Edmonton Oilers: 2
Columbus Blue Jackets: 4
On a night where the Carolina Hurricanes lost to Nashville, and facing an opponent nearly as inept as themselves, the Oilers needed to come up with a solid effort if they were going to lose this one. Fortunately, they did, as middling goaltending and a disastrous night for the Smid-Staios pairing earned them a hard-fought loss.
1. Fernando Pisani. I’ll admit there’s some bias in this particular choice, but there aren’t many things that make me grin ear to ear in an Oilers game any more (I think the last one was Colin McDonald’s goal), and Pisani’s goal tonight made me do that. It was vintage Pisani – a great forecheck to strip the puck off the defenceman’s stick, and than a perfect shot to beat the goaltender. A beautiful play, from a player who deserves a little success now and then.
2. Sheldon Souray. Souray’s struggled at times this season, but played a very nice game tonight. He drilled Rick Nash early in the second period, he made smart plays all night, and his shot may not have resulted in a goal but it was very evident.
3. Andrew Cogliano. Playing with a somewhat limited player in Zack Stortini and a liability in Ethan Moreau, Cogliano played aggresively, charging the net and generating chances off the forecheck. He also used his speed to draw a penalty late in the third and was at times a real joy to watch.
Dive For Five Star
Steve Staios. I’ll come right out and say it: without Staios’ efforts tonights, the Oilers might have got away with a win – they were the better team, all things considered. But it was Staios who was undressed by Fedor Tyutin and then left R.J. Umberger untouched in front of the net on the Blue Jackets’ first goal, and it was Staios who lost a puck battle to Raffi Torres which resulted in a scoring chance and then a Staios penalty as he tried to recover – a penalty that led to a perfect shot by Kristian Huselius, a shot that stood up as the game winning goal.
Making this particularly difficult to say is the fact that Staios selflessly blocked hard shots at least twice that I saw, and looked in pain both times. Like Jason Smith, Mike Grier and Ryan Smyth before him, Staios embodies the kind of self-sacrificing, do anything for the team mentality that is impossible not to admire. Somewhere along the way though, he’s lost a step or two.
Staios was bad, but his defence partner Ladislav Smid had a rough outing too. On the Blue Jackets’ second goal it was Smid who got crushed by Raffi Torres, which was half of the equation leading to the goal against (Patrick O’Sullivan failing to take Antoine Vermette was the other half). The pairing was on for all three even-strength goals against.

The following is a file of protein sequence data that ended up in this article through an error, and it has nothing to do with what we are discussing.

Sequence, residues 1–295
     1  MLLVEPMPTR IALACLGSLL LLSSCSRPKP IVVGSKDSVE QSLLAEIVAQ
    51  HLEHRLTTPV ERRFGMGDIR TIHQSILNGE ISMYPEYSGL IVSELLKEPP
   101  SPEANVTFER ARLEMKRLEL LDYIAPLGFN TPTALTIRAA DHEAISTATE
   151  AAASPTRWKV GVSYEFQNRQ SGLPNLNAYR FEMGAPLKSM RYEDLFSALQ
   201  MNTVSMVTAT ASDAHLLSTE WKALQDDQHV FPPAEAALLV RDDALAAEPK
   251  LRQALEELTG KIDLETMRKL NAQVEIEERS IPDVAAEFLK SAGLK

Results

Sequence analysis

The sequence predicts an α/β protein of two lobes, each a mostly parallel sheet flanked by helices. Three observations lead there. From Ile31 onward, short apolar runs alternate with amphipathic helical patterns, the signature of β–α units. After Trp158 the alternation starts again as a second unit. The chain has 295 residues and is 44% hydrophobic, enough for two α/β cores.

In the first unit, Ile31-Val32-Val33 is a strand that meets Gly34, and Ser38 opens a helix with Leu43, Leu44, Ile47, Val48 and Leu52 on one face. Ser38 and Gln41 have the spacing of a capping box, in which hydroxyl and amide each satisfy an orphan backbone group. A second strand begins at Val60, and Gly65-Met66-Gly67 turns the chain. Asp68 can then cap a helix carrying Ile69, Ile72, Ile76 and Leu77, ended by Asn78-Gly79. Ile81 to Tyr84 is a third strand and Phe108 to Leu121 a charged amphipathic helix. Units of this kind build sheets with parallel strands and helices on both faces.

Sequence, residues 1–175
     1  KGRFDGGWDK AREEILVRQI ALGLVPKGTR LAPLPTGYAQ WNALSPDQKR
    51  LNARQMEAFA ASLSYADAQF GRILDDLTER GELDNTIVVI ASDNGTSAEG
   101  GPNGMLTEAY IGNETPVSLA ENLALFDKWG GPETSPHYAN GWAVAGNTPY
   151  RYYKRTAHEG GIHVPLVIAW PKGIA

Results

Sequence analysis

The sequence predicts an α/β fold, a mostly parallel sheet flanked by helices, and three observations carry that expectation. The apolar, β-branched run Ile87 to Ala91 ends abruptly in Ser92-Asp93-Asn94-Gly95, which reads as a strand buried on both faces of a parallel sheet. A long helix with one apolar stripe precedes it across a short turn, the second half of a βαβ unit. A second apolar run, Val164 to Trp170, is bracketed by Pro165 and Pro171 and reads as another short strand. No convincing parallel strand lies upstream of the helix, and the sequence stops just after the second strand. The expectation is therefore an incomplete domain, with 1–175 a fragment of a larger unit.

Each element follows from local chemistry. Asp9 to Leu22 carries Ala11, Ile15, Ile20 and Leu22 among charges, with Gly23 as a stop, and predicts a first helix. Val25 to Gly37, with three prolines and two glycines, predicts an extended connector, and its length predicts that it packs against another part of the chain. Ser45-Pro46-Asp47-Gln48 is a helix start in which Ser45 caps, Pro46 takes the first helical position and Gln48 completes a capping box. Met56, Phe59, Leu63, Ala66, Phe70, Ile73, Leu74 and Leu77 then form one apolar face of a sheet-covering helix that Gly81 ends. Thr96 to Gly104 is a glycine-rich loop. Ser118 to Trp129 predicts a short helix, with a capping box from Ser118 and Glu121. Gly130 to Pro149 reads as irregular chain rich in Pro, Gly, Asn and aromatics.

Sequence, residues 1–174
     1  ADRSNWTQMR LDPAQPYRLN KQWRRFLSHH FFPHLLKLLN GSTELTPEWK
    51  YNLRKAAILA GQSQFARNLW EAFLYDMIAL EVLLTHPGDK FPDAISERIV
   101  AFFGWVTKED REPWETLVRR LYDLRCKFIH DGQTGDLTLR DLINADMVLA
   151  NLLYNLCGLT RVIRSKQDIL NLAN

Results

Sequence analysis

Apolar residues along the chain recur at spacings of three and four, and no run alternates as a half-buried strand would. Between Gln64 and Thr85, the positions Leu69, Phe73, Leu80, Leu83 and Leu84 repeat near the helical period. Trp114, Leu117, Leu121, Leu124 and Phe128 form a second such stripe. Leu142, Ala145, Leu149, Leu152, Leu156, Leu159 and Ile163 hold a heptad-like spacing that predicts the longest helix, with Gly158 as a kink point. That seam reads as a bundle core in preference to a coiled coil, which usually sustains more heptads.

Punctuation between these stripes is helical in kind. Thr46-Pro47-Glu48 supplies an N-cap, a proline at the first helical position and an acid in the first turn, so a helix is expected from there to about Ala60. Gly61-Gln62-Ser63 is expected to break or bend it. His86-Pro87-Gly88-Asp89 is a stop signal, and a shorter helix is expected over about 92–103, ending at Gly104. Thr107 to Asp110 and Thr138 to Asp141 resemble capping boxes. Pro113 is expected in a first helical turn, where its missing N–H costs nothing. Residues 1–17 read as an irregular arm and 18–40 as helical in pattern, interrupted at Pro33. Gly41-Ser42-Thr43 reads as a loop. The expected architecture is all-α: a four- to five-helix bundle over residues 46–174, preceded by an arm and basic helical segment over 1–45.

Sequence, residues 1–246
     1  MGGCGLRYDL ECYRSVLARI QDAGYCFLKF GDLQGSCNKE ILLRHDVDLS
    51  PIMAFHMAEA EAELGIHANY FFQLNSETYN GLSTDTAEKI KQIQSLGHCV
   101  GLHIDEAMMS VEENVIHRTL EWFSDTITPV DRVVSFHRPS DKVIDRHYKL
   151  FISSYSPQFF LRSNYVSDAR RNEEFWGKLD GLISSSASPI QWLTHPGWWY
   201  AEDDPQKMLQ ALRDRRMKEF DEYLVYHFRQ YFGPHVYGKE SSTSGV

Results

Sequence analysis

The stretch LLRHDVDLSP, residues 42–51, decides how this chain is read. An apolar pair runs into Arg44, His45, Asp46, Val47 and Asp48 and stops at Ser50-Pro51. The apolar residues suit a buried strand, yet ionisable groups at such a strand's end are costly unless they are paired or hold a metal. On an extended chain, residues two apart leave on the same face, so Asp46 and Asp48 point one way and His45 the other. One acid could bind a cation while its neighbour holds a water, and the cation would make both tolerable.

Devan Dubnyk was okay. He looked a little sketchy handling the puck behind his net, he looked shaky early, and he probably should have had the Huselius goal (although I’ll cut him some slack because of the situation) but between freak deflections and missed coverage, the goals against were hardly his fault alone. That said, any night a ‘tender gives up four isn’t a night to remember.
On a semi-related note, I’d like to thank my fantasy goaltender, Marc-Andre Fleury, for yet another miserable outing (Yahoo! stats line: 11.06 GAA, 11 saves, .733 SV%, 0 wins). As if his effort last week wasn’t enough.
Where was I? Right, my fantasy team. Nice goal by Gagner.
I thought the Oilers top line looked pretty good tonight. All the players did that thing they do at times (Penner disappears, Nilsson gets too cute, Horcoff mishandles the puck) but despite that the line generated a bunch of quality chances and outplayed the Nash line for the majority of the evening.
Tonight in improbable NHL’ers: Mathieu Roy. It’s nice to see the brittle defender, who set a career-high in games played last season with (a whopping) 59, playing in the NHL.
Patrick O’Sullivan went out of character tonight with a brutal hit on Jan Hejda. He also whined about the penalty he took after kicking out Raffi Torres’ feet; I’m still trying to figure out what his problem with it was. Probably something along the lines of: ‘C’mon it was Raffi Torres. RAFFI TORRES!’
Ethan Moreau made a couple of boneheaded plays at evens but had a splendid night on the penalty-kill, and despite my annoyance at superfluous cross-checking (it didn’t get called but boy it could have) I have to give him credit: he played a few inspired shifts while the team was down a man.
With 30 seconds left in the game, and Pat Quinn and Tom Renney on the bench, I found it interesting to see Kelly Buchberger planning the attack. Not that I have a particular critique, mind you; it was just interesting.
The Oilers are now on pace for a 69-point season, which should put them comfortably in the NHL’s bottom five. It’s two points worse than their 2006-07 finish, and in the years since the lockout would have placed the Oilers anywhere between first and fourth in the draft order.